# 8 Daily Activities to Teach Your Child to Use Mathematical Language

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Parents usually spend a lot of time talking to their children about letters, sounds and words. This often comes naturally as we sit down to read a book together in the evenings, or point out to words when we’re out and about, such as on billboards and street signs.

But studies show that talking about numbers and using mathematical language with our toddlers is just as important. In fact, many studies suggest that it’s a key predictor of a child succeeding in mathematics when they start school.

Often, parents pay less attention to “number talk” with their children than they do with early literacy concepts. Interestingly, mothers were found to speak to boys about number concepts twice as often as they did with girls.

Parents are encouraged to talk to their toddlers about numbers from an early age, and on a regular basis. Here are eight ways to incorporate number talk into everyday activities to help your child develop an awareness of mathematical language and concepts.

1. Count every day

You can easily turn counting into a fun everyday activity, wherever you go. Count how many birds you spot on an afternoon walk. Or how many red cars you see waiting at the traffic lights. How many chairs are in the doctor’s waiting room, and how many magazines or books? Hold up your fingers when you count and say the numbers out loud. You can even keep a notebook and pen ready to keep a tally.

2. Have fun solving puzzles

Board games and puzzles are a fun and challenging way to introduce your toddler to mathematical language. Family board games like Chinese Checkers, Chutes and Ladders and Candy Land are all great ways to build your toddler’s understanding of numbers. Every time you roll a dice, read the number out loud and count the squares as you move your playing piece across the board. Puzzles (e.g. wooden shape puzzles) can help toddlers build their shape recognition and understanding of spatial concepts. Encourage your toddler to name different shapes as they play, and tell you if a certain shape is “too big” or “too round” to fit.

3. Pretend play

There is a wealth of educational benefits derived from imaginative play. Your child may enjoy pretending to be a shop keeper, and ask you to purchase items from their “shop”. Or they may like to pretend to be a scientist or a wizard cooking up secret potions in their hidden laboratory. Wherever your child’s imagination takes them, there is sure to be an opportunity to incorporate mathematical language. You can create or buy props for your child, such as play money for shop tills, plastic fruit for pretend groceries, or a simple measuring cup for mixing potions. If they invite you to take part, encourage them to tell you how many fruits they are selling, whether they can give you three of each vegetable, or how much more liquid should go into their secret potion.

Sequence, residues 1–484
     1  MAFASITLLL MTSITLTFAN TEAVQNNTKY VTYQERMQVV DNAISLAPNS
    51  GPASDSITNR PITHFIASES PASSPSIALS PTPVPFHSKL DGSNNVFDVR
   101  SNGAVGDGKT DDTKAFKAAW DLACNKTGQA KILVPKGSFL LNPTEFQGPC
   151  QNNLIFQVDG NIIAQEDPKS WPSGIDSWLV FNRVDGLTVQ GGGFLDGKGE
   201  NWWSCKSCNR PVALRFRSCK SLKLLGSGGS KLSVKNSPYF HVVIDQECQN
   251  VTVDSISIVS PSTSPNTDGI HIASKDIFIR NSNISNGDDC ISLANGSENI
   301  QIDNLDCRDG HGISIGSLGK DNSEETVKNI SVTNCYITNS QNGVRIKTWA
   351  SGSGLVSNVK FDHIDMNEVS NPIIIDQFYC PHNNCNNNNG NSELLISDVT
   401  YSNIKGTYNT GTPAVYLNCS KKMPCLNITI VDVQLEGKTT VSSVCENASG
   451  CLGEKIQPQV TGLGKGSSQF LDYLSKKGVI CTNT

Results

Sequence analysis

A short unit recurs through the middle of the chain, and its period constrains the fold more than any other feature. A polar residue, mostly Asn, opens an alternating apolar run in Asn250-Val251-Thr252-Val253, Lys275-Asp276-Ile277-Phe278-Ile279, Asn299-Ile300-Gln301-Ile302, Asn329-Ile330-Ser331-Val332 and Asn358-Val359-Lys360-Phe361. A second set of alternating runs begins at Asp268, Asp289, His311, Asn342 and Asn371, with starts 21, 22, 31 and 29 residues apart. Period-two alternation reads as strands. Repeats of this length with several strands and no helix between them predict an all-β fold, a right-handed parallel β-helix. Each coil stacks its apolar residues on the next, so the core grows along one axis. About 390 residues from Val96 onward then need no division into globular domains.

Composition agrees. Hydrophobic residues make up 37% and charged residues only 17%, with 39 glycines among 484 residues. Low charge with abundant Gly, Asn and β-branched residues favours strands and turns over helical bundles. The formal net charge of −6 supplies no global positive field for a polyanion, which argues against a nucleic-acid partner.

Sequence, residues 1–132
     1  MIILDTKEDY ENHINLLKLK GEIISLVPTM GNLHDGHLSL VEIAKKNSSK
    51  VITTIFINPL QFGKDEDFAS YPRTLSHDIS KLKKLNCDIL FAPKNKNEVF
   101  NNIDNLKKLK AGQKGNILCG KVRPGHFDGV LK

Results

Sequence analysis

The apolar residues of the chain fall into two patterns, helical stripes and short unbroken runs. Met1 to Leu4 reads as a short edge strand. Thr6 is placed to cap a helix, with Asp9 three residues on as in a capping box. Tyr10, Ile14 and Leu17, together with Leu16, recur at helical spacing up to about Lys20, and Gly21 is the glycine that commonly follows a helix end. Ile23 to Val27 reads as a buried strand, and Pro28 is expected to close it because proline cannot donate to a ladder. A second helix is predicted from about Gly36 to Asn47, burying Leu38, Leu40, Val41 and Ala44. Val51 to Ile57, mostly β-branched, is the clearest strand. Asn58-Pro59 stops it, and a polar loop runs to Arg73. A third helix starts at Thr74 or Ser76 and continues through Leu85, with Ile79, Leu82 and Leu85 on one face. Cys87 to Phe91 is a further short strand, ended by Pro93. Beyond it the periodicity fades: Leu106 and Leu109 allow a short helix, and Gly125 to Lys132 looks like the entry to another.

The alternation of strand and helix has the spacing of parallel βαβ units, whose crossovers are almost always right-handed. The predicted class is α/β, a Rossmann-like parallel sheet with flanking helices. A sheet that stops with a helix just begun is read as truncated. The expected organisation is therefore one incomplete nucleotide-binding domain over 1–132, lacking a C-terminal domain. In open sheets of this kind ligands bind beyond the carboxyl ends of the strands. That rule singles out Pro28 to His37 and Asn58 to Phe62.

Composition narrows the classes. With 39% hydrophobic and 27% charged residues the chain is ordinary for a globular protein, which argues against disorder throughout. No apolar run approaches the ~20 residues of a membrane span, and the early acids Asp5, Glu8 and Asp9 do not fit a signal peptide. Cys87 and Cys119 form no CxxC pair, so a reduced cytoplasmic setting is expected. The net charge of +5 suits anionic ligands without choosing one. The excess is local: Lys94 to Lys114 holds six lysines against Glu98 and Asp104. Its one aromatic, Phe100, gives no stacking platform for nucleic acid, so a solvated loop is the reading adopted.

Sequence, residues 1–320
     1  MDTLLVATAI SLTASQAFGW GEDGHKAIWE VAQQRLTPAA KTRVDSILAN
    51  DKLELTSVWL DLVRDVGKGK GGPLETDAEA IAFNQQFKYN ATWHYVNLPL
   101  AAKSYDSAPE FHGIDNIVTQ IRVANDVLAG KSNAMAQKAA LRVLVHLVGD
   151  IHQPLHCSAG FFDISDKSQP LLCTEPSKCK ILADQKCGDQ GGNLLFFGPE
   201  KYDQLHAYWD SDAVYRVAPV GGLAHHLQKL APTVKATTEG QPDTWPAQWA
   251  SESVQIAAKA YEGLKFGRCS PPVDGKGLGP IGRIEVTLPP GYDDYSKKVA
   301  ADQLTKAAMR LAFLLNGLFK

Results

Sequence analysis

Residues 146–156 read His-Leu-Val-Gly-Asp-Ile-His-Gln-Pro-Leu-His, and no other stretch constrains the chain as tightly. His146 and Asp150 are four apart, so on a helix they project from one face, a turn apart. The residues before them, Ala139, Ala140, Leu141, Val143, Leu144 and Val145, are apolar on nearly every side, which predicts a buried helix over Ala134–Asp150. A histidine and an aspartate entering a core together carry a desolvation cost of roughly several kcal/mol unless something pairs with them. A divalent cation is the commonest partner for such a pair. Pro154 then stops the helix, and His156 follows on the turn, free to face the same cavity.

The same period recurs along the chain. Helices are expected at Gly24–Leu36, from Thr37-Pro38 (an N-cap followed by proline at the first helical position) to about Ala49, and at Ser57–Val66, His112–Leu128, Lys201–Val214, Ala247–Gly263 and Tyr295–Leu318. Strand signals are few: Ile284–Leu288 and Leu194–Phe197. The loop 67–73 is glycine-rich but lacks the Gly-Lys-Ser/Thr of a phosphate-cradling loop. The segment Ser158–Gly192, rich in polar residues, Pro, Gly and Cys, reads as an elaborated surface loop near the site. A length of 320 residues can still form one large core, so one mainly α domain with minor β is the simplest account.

4. Sort objects

Encourage your child to observe similarities and differences between objects to classify and sort them into categories. For example, if you’re helping them to put their toys away, ask them to sort all their toys by categories such as “toy cars”, “stuffed animals” or “block shapes”.  You can also do this while tidying. Ask your child to collect objects that need to be put away and sort them into categories (e.g. “paper” or “plastic”). Ask them how many objects they have collected for each group, or to point to a group with a certain number of items. This may even be a good opportunity to use spatial language, such as “put the red cars next to the blue cars”, or “put the small cup inside of the big cup”.

5. Make use of the ruler, measuring tape, and measuring cup

Have fun with your child measuring objects around the house, and reading out or recording measurements. A fun bath time activity involves collecting differently sized jars, cups and containers to teach your child about ‘full’ and ‘empty’, and compare capacities. Talk about what’s happening as you play. For example, “My cup is full, no more water can fit in my cup”, or “Let’s pour water from my small cup to your big cup and see if it becomes full”.

6. Point out numbers wherever you go

Point out numbers on street signs or number plates when you’re sitting in traffic with your child. Point them out and ask them to identify the numbers, or read them out for them yourself. You can also ask your child to show the numbers with their fingers, and encourage them to do this in different ways. For example, showing the number five may involve holding up two fingers on one hand, and three on the other.

7. Online learning resources